Treading Water; Oil Gets Bashed

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[Chart courtesy of]
  1. Moving the markets

Despite several attempts to pull the major markets out of yesterday’s hole, the efforts failed with the Dow and S&P 500 sinking moderately while the Nasdaq ended the session unchanged. Not helping matters was the fact that oil prices tumbled -8.11% and ended up barely hanging on to the 55-handle after having now fallen for a record 12th day. Ouch!

The reason is not that far fetched in that I believe this trend is a sign of a sluggish or even reversing global expansion. We’ll have to watch and see if this turns out to be a canary in the coalmine as far as the future direction of equities is concerned.

The initial market levitation was helped by news that China’s top trade negotiator is set to meet Mnuchin in Washington later this month to work on resolving the trade dispute. That headline was later questioned due to lack of information about concrete steps which, as we’ve seen many times before, resulted in the markets losing their early upward momentum and south we went, while dip buyers were still conspicuously absent.

Stock specific news did nothing to encourage any bullish behavior. While GE’s stock finally bounced back, its bonds did not and moved into junk territory. Heavyweight Apple slipped back below its 200-day M/A and gave back 1% on the day. The FANGs had an early bounce but closed unchanged.

In the end, it was a day that offered no clue whatsoever as to future market direction. We remain on standby with our next potential domestic “Sell” signal and will act once we get a better clue as to where things are headed next.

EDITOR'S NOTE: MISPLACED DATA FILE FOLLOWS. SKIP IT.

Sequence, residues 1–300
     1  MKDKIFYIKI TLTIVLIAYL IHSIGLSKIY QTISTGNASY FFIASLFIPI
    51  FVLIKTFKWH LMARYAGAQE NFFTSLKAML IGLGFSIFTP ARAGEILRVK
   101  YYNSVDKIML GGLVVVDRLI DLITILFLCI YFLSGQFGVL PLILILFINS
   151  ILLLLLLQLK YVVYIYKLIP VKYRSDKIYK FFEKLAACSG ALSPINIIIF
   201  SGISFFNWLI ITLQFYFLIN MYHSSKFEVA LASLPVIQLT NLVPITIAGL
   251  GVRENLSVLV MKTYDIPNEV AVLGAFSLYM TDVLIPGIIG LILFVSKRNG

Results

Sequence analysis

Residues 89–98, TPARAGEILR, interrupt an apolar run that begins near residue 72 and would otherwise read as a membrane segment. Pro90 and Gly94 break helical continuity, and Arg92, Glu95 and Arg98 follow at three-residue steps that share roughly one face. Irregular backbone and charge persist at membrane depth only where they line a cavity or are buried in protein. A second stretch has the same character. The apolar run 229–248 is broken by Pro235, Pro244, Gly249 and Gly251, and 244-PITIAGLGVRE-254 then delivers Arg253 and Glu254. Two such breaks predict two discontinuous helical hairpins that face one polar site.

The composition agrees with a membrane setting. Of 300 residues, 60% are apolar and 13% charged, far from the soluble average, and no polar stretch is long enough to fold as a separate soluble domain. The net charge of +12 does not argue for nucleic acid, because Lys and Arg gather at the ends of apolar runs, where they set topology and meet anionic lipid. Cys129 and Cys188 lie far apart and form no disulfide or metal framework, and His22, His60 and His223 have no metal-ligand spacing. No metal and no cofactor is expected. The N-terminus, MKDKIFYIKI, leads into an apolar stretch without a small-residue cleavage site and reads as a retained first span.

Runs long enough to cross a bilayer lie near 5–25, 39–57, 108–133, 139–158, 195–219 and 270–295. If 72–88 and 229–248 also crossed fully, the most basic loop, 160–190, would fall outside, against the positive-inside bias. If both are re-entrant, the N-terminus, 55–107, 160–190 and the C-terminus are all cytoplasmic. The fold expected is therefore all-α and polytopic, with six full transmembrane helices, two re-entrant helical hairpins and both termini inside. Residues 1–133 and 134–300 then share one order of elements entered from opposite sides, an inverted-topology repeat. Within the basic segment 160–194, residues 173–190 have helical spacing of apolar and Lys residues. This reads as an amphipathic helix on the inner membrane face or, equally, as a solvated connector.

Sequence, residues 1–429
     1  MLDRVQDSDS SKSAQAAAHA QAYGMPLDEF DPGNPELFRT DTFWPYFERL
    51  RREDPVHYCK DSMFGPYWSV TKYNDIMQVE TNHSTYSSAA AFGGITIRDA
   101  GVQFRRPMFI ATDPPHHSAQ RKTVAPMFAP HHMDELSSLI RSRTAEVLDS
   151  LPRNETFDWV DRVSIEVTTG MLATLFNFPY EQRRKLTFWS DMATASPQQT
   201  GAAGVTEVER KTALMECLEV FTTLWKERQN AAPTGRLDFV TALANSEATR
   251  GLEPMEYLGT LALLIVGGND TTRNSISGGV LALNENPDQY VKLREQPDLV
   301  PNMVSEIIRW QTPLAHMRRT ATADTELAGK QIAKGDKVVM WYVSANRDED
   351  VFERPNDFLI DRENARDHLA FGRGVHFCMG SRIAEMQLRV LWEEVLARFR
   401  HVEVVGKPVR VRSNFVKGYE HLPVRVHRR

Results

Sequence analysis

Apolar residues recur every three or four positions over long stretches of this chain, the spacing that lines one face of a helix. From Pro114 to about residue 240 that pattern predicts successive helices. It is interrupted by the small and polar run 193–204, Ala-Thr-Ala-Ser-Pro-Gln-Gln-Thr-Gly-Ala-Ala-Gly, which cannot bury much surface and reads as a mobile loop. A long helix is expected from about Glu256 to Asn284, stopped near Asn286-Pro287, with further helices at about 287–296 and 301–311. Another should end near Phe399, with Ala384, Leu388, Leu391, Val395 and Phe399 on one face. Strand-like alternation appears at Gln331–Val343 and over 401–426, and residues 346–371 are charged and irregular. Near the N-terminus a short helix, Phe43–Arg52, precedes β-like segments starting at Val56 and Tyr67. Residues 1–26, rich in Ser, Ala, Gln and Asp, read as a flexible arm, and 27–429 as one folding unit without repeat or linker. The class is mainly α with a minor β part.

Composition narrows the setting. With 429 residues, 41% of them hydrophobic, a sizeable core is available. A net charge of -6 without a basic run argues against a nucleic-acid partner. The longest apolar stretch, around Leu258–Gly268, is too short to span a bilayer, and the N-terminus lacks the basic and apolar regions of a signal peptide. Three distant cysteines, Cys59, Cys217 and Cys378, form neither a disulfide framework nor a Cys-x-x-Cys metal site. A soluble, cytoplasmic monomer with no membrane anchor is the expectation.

1. ETFs in the Spotlight

In case you missed the announcement and description of this section, you can read it here again.

It features 10 broadly diversified and sector ETFs from my HighVolume list as posted every Saturday. Furthermore, they are screened for the lowest MaxDD% number meaning they have been showing better resistance to temporary sell offs than all others over the past year.

The below table simply demonstrates the magnitude with which some of the ETFs are fluctuating regarding their positions above or below their respective individual trend lines (%M/A). A break below, represented by a negative number, shows weakness, while a break above, represented by a positive percentage, shows strength.

For hundreds of ETF choices, be sure to reference Thursday’s StatSheet.

Year to date, here’s how our candidates have fared so far:

Again, the %M/A column above shows the position of the various ETFs in relation to their respective long-term trend lines, while the trailing sell stops are being tracked in the “Off High” column. The “Action” column will signal a “Sell” once the -8% point has been taken out in the “Off High” column. For more volatile sector ETFs, the trigger point is -10%.

  1. Trend Tracking Indexes (TTIs)

Our Trend Tracking Indexes (TTIs) changed only immaterially. We’re still waiting to see in which direction the breakout will take us and if it will validate a new “Sell” signal.

Here’s how we closed 11/13/2018:

Domestic TTI: -1.56% below its M/A (last close -1.52%)—Buy signal effective 11/08/2018

International TTI: -4.44% below its M/A (last close -4.55%)—Sell signal effective 10/11/2018

Disclosure: I am obliged to inform you that I, as well as my advisory clients, own some of the ETFs listed in the above table. Furthermore, they do not represent a specific investment recommendation for you, they merely show which ETFs from the universe I track are falling within the guidelines specified.

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